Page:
Once all monies and documents necessary for the closing have been deposited into the escrow and the parties have reviewed and approved their respective Settlement Statements, the escrow will close the purchase transaction by recording the deed transferring the real estate from the seller to the buyer, releasing the adjusted purchase price to the seller, and releasing and delivering to each party the other applicable closing documents.     

3. Some Post-Closing Matters   

Once the real estate transaction is closed, possession of the real estate is typically immediately turned over to the buyer (subject to the possessory rights of tenants with leases for space in the real estate with terms expiring after the closing). Typically, from and after the closing date, all income and expenses arising from the real estate belong to the buyer.

Two of the most crucial things that should occur immediately after the closing are making sure adequate management is in place for the newly acquired real estate investment (which typically involves hiring a property manager) and letting the tenants know that ownership of the real estate has changed hands (providing contact information for the new landlord or property manager and providing information on where to pay the rent going forward). If the buyer intends to use an outside property manager to operate the real estate for the buyer after the closing of the purchase transaction, in order to have a seamless transition of the real estate from the seller to the buyer, prior to the closing the buyer will want to seek out candidates, interview such candidates, and select and retain a property manager to take over management of the real estate from and after the closing.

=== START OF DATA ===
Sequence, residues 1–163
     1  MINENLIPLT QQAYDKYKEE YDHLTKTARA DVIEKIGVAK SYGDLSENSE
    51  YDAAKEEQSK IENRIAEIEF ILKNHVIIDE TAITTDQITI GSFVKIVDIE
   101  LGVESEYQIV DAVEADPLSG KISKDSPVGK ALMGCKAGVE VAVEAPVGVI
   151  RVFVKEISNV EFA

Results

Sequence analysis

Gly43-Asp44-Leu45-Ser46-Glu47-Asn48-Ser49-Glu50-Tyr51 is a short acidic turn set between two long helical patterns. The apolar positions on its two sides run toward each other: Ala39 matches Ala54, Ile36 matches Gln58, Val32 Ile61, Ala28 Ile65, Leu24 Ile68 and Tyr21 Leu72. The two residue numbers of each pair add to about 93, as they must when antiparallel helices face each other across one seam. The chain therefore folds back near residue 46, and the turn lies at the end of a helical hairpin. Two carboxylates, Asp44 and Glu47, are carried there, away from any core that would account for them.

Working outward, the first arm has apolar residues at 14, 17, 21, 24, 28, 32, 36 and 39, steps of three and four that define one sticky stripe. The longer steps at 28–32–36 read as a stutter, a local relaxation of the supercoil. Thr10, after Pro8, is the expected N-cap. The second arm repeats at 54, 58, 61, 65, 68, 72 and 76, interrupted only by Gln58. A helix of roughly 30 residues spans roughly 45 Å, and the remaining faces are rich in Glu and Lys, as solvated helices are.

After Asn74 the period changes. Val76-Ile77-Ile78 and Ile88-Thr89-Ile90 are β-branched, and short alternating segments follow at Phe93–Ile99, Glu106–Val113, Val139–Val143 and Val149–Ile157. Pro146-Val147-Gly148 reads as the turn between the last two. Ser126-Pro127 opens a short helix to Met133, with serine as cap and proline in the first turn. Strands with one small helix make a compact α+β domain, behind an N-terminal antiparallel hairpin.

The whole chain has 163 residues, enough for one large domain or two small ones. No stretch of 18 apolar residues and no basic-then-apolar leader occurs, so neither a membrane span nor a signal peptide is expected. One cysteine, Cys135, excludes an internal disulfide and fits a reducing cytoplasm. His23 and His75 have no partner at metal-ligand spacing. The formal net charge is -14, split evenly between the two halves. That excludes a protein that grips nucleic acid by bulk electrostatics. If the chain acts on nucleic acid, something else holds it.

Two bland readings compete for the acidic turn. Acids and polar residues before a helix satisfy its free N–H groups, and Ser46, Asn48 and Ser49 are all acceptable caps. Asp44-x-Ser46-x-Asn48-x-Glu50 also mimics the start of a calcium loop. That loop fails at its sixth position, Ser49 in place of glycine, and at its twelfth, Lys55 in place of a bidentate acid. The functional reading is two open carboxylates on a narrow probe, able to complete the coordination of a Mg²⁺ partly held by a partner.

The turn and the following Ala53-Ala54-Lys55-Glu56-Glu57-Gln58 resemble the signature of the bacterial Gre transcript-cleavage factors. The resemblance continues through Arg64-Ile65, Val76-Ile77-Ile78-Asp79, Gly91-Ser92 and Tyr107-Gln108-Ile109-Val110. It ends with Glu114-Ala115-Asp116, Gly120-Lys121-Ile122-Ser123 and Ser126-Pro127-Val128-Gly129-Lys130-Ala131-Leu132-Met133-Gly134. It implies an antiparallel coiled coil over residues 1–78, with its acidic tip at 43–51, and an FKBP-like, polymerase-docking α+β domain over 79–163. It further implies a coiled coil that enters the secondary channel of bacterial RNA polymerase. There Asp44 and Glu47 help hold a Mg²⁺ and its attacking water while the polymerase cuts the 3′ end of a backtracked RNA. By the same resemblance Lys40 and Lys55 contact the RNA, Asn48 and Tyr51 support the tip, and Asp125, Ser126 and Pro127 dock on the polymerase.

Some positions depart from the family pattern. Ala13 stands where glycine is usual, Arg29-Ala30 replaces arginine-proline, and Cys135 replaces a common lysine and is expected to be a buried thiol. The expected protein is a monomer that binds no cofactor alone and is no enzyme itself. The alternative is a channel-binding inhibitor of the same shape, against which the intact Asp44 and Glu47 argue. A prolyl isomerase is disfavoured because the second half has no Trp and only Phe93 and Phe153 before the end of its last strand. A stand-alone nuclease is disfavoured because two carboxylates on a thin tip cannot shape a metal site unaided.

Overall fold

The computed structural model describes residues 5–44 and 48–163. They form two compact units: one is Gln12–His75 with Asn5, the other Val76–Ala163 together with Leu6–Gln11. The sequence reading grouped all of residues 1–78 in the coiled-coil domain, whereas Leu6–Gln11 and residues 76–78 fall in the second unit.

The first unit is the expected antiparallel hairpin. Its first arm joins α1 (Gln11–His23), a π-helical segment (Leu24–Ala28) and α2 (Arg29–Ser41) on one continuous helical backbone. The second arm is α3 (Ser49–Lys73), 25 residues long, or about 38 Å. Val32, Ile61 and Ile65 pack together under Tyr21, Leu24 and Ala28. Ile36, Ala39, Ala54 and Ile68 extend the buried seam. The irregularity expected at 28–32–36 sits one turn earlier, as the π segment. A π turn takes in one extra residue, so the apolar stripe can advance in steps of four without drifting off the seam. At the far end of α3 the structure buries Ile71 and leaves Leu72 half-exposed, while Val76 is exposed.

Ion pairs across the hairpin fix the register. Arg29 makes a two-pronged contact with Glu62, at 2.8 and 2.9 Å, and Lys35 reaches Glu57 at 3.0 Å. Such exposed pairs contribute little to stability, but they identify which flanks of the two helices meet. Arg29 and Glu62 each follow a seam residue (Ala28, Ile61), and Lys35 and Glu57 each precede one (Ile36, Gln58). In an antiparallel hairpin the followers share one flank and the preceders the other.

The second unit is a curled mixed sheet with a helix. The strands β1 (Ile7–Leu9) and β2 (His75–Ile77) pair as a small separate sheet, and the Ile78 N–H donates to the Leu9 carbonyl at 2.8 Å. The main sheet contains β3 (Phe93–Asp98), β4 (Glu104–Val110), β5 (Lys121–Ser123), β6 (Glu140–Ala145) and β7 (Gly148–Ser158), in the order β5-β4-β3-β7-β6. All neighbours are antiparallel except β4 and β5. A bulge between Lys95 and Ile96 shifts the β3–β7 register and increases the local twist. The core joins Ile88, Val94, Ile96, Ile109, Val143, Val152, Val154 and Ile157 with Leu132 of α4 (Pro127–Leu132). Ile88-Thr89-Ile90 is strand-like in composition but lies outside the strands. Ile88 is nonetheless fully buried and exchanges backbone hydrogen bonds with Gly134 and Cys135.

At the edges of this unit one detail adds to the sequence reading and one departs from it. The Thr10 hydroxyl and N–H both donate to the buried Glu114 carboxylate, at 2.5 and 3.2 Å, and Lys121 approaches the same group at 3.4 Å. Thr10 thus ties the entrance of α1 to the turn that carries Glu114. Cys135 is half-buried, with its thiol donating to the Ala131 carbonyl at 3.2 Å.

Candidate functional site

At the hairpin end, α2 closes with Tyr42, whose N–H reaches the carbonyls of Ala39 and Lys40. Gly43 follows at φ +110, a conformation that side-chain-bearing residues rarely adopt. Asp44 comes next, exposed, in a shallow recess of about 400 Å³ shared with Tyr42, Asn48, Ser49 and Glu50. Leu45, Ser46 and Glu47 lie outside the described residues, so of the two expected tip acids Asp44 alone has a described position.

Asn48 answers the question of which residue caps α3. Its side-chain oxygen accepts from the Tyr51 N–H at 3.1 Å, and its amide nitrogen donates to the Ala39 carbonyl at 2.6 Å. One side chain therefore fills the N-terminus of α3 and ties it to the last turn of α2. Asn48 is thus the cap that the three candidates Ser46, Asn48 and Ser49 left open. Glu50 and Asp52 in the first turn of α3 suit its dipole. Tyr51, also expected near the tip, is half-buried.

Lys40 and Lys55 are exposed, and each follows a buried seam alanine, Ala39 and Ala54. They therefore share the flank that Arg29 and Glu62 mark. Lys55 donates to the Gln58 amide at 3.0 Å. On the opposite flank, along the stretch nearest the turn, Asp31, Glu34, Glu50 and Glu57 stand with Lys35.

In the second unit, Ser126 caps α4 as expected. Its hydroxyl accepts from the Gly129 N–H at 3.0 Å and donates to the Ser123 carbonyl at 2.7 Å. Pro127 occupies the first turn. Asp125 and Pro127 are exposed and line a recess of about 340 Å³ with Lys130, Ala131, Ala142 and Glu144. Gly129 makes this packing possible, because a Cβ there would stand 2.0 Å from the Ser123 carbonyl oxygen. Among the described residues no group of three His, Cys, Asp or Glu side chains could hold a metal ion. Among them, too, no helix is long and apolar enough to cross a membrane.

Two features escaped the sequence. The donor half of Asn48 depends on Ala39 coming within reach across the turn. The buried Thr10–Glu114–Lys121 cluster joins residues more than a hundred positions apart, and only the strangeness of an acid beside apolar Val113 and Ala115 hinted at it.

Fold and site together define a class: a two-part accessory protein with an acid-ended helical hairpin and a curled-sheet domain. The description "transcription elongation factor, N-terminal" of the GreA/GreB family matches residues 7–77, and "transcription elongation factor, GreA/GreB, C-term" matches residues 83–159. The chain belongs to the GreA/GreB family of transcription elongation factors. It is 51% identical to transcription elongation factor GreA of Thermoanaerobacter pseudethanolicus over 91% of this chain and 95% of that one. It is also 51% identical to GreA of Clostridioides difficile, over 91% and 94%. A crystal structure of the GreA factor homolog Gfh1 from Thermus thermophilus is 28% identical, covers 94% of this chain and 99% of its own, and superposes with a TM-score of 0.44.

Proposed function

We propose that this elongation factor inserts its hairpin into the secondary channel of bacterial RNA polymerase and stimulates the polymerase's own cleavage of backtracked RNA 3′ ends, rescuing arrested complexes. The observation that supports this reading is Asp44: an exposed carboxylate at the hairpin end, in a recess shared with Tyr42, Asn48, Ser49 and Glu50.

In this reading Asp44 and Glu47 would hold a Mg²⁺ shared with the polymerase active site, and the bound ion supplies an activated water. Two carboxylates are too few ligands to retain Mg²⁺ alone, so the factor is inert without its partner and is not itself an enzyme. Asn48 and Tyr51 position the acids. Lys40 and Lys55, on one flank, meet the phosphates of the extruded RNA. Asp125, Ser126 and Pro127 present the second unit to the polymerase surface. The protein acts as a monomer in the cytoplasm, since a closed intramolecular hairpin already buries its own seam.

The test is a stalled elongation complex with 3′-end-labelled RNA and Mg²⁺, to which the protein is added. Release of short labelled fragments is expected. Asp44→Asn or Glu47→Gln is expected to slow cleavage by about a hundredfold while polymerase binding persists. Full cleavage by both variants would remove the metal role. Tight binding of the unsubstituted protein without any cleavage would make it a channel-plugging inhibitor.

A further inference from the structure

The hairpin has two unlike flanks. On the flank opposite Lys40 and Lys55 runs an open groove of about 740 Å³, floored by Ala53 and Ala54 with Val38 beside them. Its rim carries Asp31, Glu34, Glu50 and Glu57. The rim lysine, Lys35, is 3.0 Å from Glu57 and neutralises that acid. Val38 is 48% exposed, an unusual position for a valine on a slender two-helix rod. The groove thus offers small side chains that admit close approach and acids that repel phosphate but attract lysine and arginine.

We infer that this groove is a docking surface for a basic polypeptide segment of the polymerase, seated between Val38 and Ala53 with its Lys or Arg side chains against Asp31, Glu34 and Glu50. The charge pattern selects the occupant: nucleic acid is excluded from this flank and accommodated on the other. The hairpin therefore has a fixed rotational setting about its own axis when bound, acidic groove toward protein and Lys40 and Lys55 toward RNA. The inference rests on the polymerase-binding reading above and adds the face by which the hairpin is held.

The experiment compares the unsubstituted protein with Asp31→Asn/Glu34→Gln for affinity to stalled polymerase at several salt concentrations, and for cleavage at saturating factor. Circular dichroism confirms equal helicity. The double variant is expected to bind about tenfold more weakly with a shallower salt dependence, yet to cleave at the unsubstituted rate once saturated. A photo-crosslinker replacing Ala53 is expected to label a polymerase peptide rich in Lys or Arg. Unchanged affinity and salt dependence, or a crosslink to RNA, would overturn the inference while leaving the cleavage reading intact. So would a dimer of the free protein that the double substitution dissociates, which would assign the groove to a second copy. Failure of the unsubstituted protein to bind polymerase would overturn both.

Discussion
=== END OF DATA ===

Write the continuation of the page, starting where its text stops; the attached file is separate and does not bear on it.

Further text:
4. Conclusion

The information in Parts I, II and III of this article is meant to provide a flavor of what is involved in connection with engaging in and closing a successful real estate transaction to purchase investment real estate. There are many more issues and considerations that often come to bear in real estate transactions that have not been discussed in this article. If, however, you properly staff your "team," you will have the necessary professional help to permit you to engage in and successfully complete a real estate investment transaction. 

Please contact Jeffrey Tarr (at (503) 227-1111 or jtarr@sussmanshank.com) with any questions about, or to assist you in connection with, your real estate investment transaction.